You have a divine call. That may not be what you have been told, but God Himself has called you in an objective and verifiable way to serve your neighbor.
Do you have parents? Then you are called to be a child. Are you married? You are called to be a spouse. Are you baptized? Then you are called to be a child of God.
These are not small callings. They are not unimportant. In fact, they are of primal importance. We encounter great difficulty when we begin to despise and reject our divine callings.
Take, for example, a woman who is married and has 2 children at home. Perhaps, given our current cultural setting, she might begin to feel that she needed to “contribute to society”. She might feel pressure to use her college education in the marketplace. So she obtains a job in a firm and works outside the home 40 hours a week.
What is wrong with this picture? She has left her divine calling to care for her children in order to do something else, something far less important.
Do not misunderstand me. I have no wish to see women “bare-footed and in the kitchen”. Women have every right to obtain employment outside of the home. Sometimes I believe they even have that responsibility.
The problem comes from this particular wife and mother seeing her calling from God to be a wife and mother as less important than whatever she might do in the market place. If you are a mother remember this: there is not job on this earth, not even being president of the United States, that is more important, more valuable, than caring for your children.
A similar point can be made with respect to our lives within a congregation. Each person in the Church has a divine calling, either to be a pastor or to be a priest (in the priesthood of all believers). If you are baptized you have been called by God to part of His royal priesthood.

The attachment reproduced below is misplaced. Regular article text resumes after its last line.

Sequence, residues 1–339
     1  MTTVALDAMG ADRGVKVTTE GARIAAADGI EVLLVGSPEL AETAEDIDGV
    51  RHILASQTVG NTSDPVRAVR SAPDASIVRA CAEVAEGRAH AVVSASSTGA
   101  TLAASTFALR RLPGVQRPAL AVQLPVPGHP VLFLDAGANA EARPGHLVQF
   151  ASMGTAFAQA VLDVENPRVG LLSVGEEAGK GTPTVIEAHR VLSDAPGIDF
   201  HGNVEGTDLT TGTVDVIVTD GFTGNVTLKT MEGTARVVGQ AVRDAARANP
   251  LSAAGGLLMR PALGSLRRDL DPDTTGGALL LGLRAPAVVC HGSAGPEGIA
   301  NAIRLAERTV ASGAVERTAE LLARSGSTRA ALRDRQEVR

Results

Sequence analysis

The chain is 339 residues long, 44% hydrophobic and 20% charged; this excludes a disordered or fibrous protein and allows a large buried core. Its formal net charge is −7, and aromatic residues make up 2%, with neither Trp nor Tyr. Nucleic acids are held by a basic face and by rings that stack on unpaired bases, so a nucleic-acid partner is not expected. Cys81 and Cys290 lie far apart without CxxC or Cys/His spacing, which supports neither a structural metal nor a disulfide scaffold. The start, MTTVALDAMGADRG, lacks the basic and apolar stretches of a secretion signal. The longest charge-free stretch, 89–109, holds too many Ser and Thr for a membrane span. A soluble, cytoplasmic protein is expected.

In addition to this God, through the Church, calls men to be pastors, shepherds of the flock, overseers of the priesthood. If you are a pastor, you have a unique divine call to proclaim and teach the Gospel, to steward the Sacraments, to carry out the public functions of the Church.
If you are a priest, you have a divine calling to be a living sacrifice to the Lord (Romans 12), to hear and receive the Gospel from your pastor and to take that Gospel with you into your daily callings at home and in the marketplace.
And this really is a great protection for the congregation. No man (or woman) has a right to show up at your church next week declaring that God told them in a vision that they were your new pastor, just like you would not tolerate some random man showing up at your home and declaring that he would now be your husband! Rather God works through His Church to train men and to place them into congregations.
Just as God works through cultural rituals and wedding services to draw men and women into marriage, so He uses a proper system to train men to be shepherds of the flock of God. And these men have the full time responsibility to make known the unsearchable riches of God’s mercy in Jesus Christ! What a blessing to have rightly called ministers.